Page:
We crossed the dam and went over to the lower landing, where we launched our boat and pulled down to Mosquito Brook.
It was a lovely morning, warm for October, and the lake was so smooth and calm that the foliage, with all its delicate leaves and twigs, and its gorgeous array of colors, was reflected with a mirror-like fidelity. The shadowy outlines of old Aziscohos and Observatory, two beautiful mountains that towered skyward north of us, were also thrown on the smooth water, a long distance from the shore.
"This is a jolly morning to start," said Jack, as our powerful strokes sent the light craft spinning through the water.
"It is simply perfect; if we have such weather as this all the way to Parmachenee our trip will be one of the things to be remembered."
Just then two loons bobbed their heads above water, not more than fifty feet behind us, and with taunting cries challenged us to make a target of them. This was too much for Jack, and he dropped his oar, seized his gun, and blazed away at them. The shot made the water boil all around them, but did no damage, and the birds, rising in the water, gave themselves a shake, and again sent forth their mocking notes, swimming about as unconcernedly as if there was not a gun within a thousand miles of them. Jack put in new charges and fired again, but with no better result. His success reminded me of the Irishman shooting the fox. Telling the story to a friend he said, "Bedad I the first toime I hit him I missed him; and the second toime I fired I hit him where I missed him before."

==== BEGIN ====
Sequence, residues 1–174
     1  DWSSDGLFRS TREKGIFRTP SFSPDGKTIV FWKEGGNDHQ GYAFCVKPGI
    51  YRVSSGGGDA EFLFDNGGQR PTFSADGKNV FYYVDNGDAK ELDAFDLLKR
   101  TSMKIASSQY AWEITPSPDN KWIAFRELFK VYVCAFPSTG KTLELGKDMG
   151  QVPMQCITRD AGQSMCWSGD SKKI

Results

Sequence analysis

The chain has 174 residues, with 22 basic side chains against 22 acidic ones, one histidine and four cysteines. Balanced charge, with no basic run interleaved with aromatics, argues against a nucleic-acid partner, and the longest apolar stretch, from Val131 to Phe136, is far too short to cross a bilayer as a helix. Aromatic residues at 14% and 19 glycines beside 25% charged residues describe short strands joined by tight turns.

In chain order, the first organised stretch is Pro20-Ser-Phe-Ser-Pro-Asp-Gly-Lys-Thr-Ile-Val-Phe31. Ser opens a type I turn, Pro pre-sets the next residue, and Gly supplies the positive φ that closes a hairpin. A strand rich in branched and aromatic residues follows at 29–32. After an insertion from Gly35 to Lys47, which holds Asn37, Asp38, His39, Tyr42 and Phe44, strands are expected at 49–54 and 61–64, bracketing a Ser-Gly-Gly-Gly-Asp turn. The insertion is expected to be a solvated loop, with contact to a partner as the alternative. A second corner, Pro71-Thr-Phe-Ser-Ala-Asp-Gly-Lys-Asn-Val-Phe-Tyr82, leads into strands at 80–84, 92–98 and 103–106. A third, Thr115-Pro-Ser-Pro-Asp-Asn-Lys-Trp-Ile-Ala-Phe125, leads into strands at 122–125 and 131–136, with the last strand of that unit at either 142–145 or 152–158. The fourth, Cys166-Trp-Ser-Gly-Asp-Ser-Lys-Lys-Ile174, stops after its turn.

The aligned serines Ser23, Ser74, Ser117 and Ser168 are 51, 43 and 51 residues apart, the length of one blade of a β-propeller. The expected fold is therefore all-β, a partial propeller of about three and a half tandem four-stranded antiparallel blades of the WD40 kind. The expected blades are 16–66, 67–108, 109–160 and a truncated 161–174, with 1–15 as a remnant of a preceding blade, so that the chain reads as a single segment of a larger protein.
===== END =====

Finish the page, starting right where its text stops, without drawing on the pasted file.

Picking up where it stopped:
I remarked to Jack that we had better resume our rowing, for I doubted if he had ammunition enough in the boat to kill one loon, let alone two. We started onward again, a cry of triumph from the loons ringing in our ears.
"If we had not been in a hurry I would have fixed them," growled Jack.
An incredulous smile lit up my face, and I resisted the inclination to make game of my companion. He was something like a firebrand; it did not take much to set him into a blaze, and I did not care to begin our trip by stirring up ill-feeling. It is a very good thing sometimes if you know when to hold your tongue.
Off the half-way point we passed a flock of black ducks; but, as we were anxious to get to Whitney's Camp before Captain Cole went away, we did not stop to take a shot.
We ran our boat into the mouth of the brook and pulled it out on the sand, then went round to the back door of the camp. We stepped into the kitchen and found the captain just arising from the breakfast-table. We exchanged greetings, and then stated our business.
"Jack and I are going up to Parmachenee Lake by the way of Lake Umbagog and the Magalloway, and we want you to go down to the Middle Dam with us and bring the boat back, and leave it at the Upper Dam. I will pay you for your trouble. Can you go?"
"Yes, I guess so. Can we pull four oars in the boat you came down in?"
"No, she only has one set of rowlocks."
"Then hadn't we better take a boat from here, and leave yours and to-morrow I will take it back to the dam?"
"Any way to suit yourself. Four oars are better for a six-mile pull than two."
"Well," said Captain Cole, "we'll take Harvey's boat then."
"She's an easy rowing boat," added Jack.
"So much the better," I said; and we waited the captain's pleasure.